Some of the most usual types of hair loss are:
Male and female pattern hair loss is genetically inherited. In men it manifests with recession of the hairline at the temples and thinning of the crown, while in women usually hair loss occurs over the entire scalp, in a diffuse pattern. In women generally the hair line is preserved, while in men is not and temporal area is typically the first place of hair loss. The type of hair loss, diffuse or patterned, it’s important to be diagnosed properly because it will impact over the type of treatment: medically (for diffuse hair loss), or by hair transplant surgery (for patterned hair loss). More about male pattern baldness and female pattern baldness.
Generally thought to be an autoimmune disorder. For unknown reasons the immune system attacks the hair follicle area, but without permanent damage. Cause “patchy” hair loss in small circular areas in different areas of the scalp. In time, the hairs may grow again, within 6 months to 5 years. Can be treated with the help of a dermatologist and it responds quite well to local injections of cortico-steroids and minoxidil (2-5%).
Hair loss caused by physical stress and tension on the hair: constant pulling on scalp hair through braiding, tight clips or hair systems.
Lichen Planopilaris is a skin disease that causes skin inflammation to the hair follicles and can lead to permanent scarring.
It manifests as papules (bumps) on the skin, whith the following characteristics:
- - redish purple or white and shiny
- - skin-colored or erythematous patches of alopecia that are a few millimeters to a few centimeters in width
- - often can cause itchiness, tenderness, discomfort
Treatment should be applied early as no hairs that have been lost and replaced by scarring can be replaced afterwards. Treatment can slow progression of the disease and relieve symptoms and hair loss may continue, although at a slower pace.
Trichotillomania is a mental disorder that involves an irresistible urge to pull out hair, to the point of large patches of hair loss. Usually the hair is pulled from the scalp, eyelashes, and eyebrows. If trichotillomania is suspected, the person might be referred to a psychiatrist or psychologist.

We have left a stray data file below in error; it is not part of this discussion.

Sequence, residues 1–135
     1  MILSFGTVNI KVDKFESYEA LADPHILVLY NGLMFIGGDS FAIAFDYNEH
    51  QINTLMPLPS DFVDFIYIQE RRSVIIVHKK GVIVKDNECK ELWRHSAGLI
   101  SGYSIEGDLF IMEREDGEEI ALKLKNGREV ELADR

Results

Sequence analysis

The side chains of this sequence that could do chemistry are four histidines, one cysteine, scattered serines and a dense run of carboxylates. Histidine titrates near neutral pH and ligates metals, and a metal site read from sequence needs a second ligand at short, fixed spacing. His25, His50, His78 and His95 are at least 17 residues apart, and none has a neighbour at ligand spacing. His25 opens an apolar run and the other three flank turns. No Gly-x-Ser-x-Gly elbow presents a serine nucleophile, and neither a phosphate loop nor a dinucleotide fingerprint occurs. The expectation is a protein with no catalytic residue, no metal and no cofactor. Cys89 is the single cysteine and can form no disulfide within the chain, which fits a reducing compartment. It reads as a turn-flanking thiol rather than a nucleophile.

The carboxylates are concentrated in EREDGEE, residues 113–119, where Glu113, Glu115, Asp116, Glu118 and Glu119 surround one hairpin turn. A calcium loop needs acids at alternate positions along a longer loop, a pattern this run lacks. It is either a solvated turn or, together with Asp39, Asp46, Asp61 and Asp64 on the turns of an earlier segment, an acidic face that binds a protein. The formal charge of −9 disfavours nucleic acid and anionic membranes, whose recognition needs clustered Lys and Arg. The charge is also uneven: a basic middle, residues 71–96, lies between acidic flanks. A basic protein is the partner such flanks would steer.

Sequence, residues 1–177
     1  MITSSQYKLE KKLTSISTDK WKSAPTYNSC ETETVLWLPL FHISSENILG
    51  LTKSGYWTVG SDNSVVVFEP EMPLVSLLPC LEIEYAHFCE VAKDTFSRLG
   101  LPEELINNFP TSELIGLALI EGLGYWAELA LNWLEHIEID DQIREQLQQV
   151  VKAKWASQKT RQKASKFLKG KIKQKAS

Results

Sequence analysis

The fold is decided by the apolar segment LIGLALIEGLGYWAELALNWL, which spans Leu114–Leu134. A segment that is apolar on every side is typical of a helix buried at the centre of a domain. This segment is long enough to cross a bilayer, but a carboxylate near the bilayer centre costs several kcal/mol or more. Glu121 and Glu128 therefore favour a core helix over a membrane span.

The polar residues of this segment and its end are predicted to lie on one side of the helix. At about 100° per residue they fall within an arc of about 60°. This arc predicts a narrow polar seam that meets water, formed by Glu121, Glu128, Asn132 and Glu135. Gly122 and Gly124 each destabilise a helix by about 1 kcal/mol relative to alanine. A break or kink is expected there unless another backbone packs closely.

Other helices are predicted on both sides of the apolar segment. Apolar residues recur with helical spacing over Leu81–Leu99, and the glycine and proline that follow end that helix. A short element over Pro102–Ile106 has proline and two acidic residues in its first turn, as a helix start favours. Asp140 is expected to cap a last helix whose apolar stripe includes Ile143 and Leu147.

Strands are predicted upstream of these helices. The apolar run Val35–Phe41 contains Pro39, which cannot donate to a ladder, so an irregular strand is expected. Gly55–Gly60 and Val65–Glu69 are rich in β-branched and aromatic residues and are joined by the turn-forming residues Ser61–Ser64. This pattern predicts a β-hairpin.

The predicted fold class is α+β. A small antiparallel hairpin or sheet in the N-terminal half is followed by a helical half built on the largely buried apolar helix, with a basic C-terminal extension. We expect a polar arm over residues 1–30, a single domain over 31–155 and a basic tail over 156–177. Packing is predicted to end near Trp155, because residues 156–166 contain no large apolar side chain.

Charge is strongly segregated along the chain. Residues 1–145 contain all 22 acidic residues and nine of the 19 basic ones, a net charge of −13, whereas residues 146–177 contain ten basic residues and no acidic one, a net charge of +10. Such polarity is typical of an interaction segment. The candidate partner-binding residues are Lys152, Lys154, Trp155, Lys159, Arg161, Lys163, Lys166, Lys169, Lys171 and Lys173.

Is a form of patchy hair loss resembling alopecia areata. Hair loss usually occur in patches on the crown or in places where the hair naturally parts. At first it may seems the hair is just thinning, but over time the result is completely bald areas. Pseudopelade is much more common in young women and the risk of developing it subsequently decreases with age.
Hair loss after Face-lift & Brow-lift Procedures
Hair loss can occur after face/brow/neck lifts. This can happen because the incisions and skin tension can sometimes affect the blood flow. Oftentimes general anesthesia and/or the “stress” of surgery can lead to generalized hair loss. In both cases it is possible that the hair loss can stop and hair can regrow.
Tinea Capitis or Ringworm of the scalp often looks like round, bald patches. As infection spreads, the inside of the circle clears up and so this makes the infection look like a ring, which gives the name of the pattern. Ringworm is caused by a fungus that grows on the skin. It can be spread through direct contact, hats, brushes, on clothing, sports equipment, so personal hygiene is important in preventing the spread of ringworm. A dermatologist can prescribe an efficient treatment for this type of infection.
Discoid Lupus Erythematosus (DLE)
DLE predominantly affects adult women. Patients typically complain of patchy hair loss associated with pruritus, burning, or stinging. Because the hair loss is potentially reversible, prompt diagnosis and aggressive treatment is crucial, to prevent scarring.